Bangabandhu Sheikh Mujibur Rahman was not only a leader for his people but an icon for revolutionaries worldwide who stood up against oppression of military rule. Bangabandhu’s memoirs written in jail have now been published. His books ‘Unfinished Memoirs’, ‘Prison Diaries’ and ‘The New China as I Saw’ should be essential reads for the children of our new generation.
The renowned British journalist David Frost had taken a long interview of Bangabandhu in Dhaka in January 1972. At one stage, Frost asked, “In the early hours of 26 March 1971 As you left your home at 32, Dhanmondi, did you think you would ever see it again?” In reply, Bangabandhu had said, “I didn’t, I thought this was the last, but if I die as a leader with my head up, at least they will not be ashamed; but if I surrender to them, my nation, the people of my country could not show their face to the world. It is better that I die keeping the prestige of my people.”
In reply to another question by David Frost, Bangabandhu had said, “A man who is ready to die, nobody can kill him. You can kill a man physically, but can you kill a man’s soul? You can’t. It’s my faith.”
To another of Frost’s question, Bangabandhu responded by saying, “I love my people first. I know that a human being has to die one day, either today, tomorrow, or the day after tomorrow. Therefore, every human should die like a courageous man.”
Bangabandhu was a dear friend of India and therefore it is only appropriate that his daughter and current the PM of Bangladesh and the Modi government in Delhi are jointly celebrating his birth centenary.
In the preface to the book ‘Unfinished Memoirs’, PM Sheikh Hasina has written, “My father Sheikh Mujibur Rahman’s most precious times were spent as a prisoner. Those intolerable and secluded prison-days came up when he waged movements for realizing the rights of the masses. But he never compromised. Neither did he fear the gallows. The people were the inner driving-force of his life. The joys and sorrows of the masses made him cry. His lone vow in life was to bring smiles to the sad faces of Bangla’s inhabitants by building a Golden Bangla. The only perennial concern in his mind was to endow the people with a prosperous life by ensuring their fundamental rights of food, clothing, shelter, education and health, and freeing them from the clutches of poverty. For that reason, he had continued his lifelong struggles as an idealistic and self-sacrificing leader in order to realize people’s rights by shunning all happiness, comforts and luxuries in his own life, ultimately bestowing the Bangali nation with independence.”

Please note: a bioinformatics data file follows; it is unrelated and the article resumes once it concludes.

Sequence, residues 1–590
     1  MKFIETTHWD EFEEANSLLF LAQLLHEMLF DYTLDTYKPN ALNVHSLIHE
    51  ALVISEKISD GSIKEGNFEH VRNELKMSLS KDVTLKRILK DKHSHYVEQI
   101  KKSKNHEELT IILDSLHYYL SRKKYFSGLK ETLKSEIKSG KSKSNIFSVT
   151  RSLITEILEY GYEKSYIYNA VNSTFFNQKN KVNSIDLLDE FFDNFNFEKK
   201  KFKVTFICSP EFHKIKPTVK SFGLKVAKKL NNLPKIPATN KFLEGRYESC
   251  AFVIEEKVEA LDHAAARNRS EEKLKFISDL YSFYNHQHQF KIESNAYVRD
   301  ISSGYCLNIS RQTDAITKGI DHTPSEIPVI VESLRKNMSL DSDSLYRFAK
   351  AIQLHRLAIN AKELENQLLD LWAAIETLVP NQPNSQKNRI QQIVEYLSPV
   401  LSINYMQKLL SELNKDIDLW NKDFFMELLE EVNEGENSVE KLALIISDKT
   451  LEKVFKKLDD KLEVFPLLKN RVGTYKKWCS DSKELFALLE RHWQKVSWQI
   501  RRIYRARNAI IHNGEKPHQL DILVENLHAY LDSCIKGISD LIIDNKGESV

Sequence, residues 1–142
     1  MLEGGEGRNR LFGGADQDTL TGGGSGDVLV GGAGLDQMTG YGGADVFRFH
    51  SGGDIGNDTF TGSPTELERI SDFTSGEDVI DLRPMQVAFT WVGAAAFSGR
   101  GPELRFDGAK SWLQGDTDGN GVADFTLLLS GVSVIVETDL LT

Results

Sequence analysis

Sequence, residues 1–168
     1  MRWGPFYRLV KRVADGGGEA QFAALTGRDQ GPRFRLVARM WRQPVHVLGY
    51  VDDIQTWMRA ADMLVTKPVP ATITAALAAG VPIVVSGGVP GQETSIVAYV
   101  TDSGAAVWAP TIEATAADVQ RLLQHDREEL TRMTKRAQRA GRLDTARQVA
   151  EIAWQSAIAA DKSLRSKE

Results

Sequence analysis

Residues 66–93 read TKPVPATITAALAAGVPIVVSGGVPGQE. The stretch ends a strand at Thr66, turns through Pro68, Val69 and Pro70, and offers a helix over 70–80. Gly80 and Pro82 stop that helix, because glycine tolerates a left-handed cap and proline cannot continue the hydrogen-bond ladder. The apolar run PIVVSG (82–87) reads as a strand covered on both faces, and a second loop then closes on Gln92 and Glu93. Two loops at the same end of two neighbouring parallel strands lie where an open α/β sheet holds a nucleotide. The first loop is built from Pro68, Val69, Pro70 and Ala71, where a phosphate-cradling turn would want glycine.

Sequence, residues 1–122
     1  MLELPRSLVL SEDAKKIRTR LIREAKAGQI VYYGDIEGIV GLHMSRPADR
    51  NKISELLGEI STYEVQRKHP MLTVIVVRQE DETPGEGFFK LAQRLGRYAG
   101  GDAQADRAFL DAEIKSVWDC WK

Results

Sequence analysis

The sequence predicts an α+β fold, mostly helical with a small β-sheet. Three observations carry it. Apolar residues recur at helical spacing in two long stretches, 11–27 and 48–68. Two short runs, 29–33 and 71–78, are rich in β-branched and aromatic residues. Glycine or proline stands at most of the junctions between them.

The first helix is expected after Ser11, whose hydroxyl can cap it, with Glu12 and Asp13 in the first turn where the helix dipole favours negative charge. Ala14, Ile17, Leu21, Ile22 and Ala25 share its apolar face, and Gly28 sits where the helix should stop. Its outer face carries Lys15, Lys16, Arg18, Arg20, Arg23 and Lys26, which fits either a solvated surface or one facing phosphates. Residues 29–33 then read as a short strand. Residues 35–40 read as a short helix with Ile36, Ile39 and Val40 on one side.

Recently in a piece titled ‘Bangabandhu inspiring India-Bangladesh relations’ Joyeeta Bhattacharjee (Scholar at ORF) wrote, “Bangabandhu, the undisputed leader of Bangladesh’s freedom struggle and one of the greatest South Asian leaders of the last century, always emphasised on the special bond shared between India and Bangladesh, a bond of the common culture, language and heritage. He valued India’s friendship and as a goodwill gesture, Bangabandhu took a halt at New Delhi on his way while returning to Bangladesh following his release from Pakistan’s prison after the Liberation War of 1971. The present bonhomie between India and Bangladesh is a legacy and the foundation laid by Bangabandhu.”
“In his struggle for justice for his countrymen, he sought support from India and India stood by his side for his needs. During the liberation struggle of Bangladesh India not only provided shelter to the millions of refugees who fled their homes to escape inhumane torture by the Pakistani forces and their conduit but also had boots on the ground. India also helped by providing financial and man-power assistance to Bangladesh for the post-war reconstruction of the country,” Bhattacharjee wrote.
While attending the 20th Commonwealth Summit a few months before his death in Kingston of Jamaica on 2 May 1975, Bangabandhu expressed optimism during his speech, “The Commonwealth states will work for a new international economic order based on justice and inter-dependence before it is too late.” While addressing the general assembly of the United Nations on 25 September 1974, Bangabandhu presented the then global reality in this manner, “Our humanistic sense of unity and the reawakening of our brotherhood can change this situation. The present challenge is to utilise the power of logic for building a just international economic order. This should entail the assurance of sovereign rights for all countries over their own natural resources.”
Bangabandhu Sheikh Mujib’s assertion of a secular Bengali cultural and linguistic identity over a theocratic identity for a Muslim majority independent Bangladesh need to reemphasised as forces close to Pakistan and anti-liberation movement make relentless attempt to derail character of Bangladesh.
He deeply valued the peace dividend of secular politics and inclusive society, and assessed both sides of the ‘communal’ coin much before a Bengali ‘East Bengal’ was cosmetically converted into an ‘Islamic East Pakistani’ Province in 1947. His post-colonial secular resolve grew even stronger during the Communal riots of Kolkata in 1946, during which Muslim student leader Sheikh Mujib was found working day and night to maintain communal harmony in Kolkata city, saving many Hindu and Muslim lives alike at the risk of his own life.
Bangabandhu’s vision for a secular Republic of Bangladesh was vindicated unequivocally in his 1972 Constitution that championed, apart from ‘Democracy’ and ‘Socialism’, ‘Bengali Nationalism’ and ‘Secularism’ as Fundamental Principles of State Policy. His secular and inclusive Bengali spirit can never be silenced with mere bullets.